(1) Plaintiff's evidence made a submissible case and the court properly overruled defendant's demurrer to the evidence and motion for a directed verdict and submitted the issue to the jury whose finding in favor of plaintiff is now conclusive. Cento v. Security Bldg. Co., 99 S.W.2d 1; Deschner v. St. Louis M.R. Co., 200 Mo. 310, 98 S.W. 737; Benz v. Powell, 338 Mo. 1032, 93 S.W.2d 877; Steger v. Meehan, 334 Mo. 220, 63 S.W.2d 109; Stoll v. First Natl. Bank of Independence, 345 Mo. 582, 134 S.W.2d 97; Johnson v. Chicago E.I. Ry. Co., 334 Mo. 220, 64 S.W.2d 674; Kennedy v. Bressmer, 154 S.W.2d 401; Sec. 9739, R.S. 1939. (2) The issue of contributory negligence was for the jury and the verdict for plaintiff is now conclusive of the issue. Willig v. Chicago, B. O.R. Co., 345 Mo. 705, 137 S.W.2d 430; Trout v. Laclede Gas Light Co., 151 Mo. App. 207, 132 S.W. 58; Clark v. Kansas City L. P. Co., 223 S.W. 984; Ernst v. Union Depot Bridge Terminal Co., 256 S.W. 222; Kennedy v. Bressmer, 154 S.W.2d 401; Long v. F.W. Woolworth Co., 159 S.W.2d 619; Dirickson v. Thompson, 120 S.W.2d 198; Howard v. S.C. Sacks, Inc., 76 S.W.2d 460; Fishang v. Eyermann-Contracting Co., 333 Mo. 874, 63 S.W.2d 30.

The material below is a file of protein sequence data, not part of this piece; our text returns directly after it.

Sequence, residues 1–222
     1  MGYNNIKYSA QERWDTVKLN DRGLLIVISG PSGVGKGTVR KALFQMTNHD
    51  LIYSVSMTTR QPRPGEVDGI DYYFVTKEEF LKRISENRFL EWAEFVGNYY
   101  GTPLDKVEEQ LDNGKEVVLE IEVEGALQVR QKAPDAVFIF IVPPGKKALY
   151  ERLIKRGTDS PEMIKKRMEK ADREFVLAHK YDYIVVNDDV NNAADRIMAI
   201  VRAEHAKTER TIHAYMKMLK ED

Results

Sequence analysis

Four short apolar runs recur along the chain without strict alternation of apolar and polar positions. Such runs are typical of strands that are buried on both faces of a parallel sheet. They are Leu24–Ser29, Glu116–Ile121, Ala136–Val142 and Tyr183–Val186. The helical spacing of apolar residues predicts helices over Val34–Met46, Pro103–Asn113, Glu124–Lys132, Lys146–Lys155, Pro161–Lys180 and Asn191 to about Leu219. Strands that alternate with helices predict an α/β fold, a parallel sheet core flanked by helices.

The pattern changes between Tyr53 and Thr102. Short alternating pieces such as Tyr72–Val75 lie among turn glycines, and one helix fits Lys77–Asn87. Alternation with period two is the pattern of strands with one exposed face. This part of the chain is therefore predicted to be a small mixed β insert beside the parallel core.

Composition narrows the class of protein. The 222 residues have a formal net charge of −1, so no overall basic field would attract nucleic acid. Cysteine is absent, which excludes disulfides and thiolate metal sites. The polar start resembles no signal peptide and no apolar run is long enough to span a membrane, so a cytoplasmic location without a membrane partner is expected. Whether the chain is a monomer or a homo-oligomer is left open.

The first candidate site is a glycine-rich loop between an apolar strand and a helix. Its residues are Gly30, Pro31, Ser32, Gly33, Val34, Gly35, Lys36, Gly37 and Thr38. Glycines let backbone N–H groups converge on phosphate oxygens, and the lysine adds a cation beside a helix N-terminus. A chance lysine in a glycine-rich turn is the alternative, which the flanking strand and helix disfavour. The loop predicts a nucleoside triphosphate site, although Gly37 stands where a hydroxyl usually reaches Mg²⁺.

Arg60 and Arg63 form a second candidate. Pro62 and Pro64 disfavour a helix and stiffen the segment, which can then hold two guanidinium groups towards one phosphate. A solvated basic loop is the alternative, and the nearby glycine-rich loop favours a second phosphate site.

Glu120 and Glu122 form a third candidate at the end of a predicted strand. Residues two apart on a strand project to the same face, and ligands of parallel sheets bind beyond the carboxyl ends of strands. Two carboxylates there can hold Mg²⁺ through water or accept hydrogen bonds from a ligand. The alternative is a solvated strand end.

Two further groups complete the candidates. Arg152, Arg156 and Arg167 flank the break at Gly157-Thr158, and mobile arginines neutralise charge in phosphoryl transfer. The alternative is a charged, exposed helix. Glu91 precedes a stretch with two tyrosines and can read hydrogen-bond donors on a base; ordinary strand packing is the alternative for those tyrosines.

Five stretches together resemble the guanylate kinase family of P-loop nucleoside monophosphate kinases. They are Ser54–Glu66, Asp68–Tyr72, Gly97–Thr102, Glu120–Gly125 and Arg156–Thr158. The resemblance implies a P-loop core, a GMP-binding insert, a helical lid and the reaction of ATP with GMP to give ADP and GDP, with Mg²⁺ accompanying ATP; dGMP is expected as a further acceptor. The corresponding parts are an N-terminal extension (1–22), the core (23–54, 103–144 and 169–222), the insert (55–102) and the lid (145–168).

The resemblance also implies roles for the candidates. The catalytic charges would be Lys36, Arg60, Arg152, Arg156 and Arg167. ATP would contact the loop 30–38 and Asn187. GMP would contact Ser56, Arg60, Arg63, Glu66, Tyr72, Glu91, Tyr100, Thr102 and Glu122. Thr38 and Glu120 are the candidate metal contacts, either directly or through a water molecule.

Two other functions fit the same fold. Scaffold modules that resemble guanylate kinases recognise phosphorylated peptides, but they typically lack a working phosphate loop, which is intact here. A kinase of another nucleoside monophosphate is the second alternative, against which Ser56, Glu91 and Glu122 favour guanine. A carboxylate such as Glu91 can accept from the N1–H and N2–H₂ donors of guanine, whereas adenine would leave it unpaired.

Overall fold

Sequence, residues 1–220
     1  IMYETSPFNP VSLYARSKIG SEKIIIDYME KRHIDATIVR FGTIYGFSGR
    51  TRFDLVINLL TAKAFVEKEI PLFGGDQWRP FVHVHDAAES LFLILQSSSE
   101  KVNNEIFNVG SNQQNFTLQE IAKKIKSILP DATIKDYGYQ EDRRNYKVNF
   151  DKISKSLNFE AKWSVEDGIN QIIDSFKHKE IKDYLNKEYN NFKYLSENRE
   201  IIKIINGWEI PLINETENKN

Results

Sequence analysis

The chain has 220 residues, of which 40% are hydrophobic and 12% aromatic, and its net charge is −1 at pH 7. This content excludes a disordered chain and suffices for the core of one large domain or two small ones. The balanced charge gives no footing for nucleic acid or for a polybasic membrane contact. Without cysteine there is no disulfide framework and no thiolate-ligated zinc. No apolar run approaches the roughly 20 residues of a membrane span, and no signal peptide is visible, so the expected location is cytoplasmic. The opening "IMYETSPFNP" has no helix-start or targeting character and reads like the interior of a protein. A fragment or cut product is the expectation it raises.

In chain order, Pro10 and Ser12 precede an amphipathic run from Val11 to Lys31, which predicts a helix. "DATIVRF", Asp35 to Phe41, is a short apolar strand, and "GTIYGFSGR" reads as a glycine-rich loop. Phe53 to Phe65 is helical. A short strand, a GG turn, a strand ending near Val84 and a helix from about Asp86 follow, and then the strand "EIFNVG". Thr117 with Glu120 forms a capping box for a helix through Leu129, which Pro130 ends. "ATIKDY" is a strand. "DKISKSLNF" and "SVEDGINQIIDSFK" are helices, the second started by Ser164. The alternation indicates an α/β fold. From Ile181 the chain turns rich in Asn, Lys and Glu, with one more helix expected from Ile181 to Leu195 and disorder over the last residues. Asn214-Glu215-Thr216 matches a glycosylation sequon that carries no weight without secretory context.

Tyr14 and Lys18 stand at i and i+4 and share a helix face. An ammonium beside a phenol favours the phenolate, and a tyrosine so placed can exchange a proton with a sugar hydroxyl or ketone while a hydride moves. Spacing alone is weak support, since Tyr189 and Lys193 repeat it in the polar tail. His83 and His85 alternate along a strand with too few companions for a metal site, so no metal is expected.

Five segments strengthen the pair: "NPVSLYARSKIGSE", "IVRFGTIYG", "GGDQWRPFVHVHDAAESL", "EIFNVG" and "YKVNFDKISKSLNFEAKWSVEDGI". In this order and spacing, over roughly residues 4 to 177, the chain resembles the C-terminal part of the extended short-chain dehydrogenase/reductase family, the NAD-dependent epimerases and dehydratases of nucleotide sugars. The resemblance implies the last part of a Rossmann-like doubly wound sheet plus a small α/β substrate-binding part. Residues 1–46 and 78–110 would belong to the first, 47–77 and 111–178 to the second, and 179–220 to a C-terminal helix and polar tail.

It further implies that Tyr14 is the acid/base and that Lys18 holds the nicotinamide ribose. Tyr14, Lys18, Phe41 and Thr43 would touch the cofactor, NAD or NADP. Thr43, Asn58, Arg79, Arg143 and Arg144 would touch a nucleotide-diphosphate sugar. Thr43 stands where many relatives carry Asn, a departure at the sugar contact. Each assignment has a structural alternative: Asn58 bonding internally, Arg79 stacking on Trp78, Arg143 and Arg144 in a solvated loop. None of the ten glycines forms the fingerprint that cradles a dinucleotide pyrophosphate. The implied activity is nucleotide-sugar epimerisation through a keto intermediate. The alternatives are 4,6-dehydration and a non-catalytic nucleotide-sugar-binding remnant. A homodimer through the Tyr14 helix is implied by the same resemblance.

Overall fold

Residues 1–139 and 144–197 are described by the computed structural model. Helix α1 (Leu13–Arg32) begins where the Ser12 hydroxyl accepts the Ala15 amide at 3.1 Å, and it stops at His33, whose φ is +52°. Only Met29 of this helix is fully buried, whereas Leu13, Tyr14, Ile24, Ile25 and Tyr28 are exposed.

Frank E. Bartlett recovered a judgment of $1,500.00 against F.W. Taylor for personal injuries which Bartlett claims to have sustained by reason of Taylor's negligence, as a landlord, in voluntarily making repairs to the premises he formerly occupied as a tenant.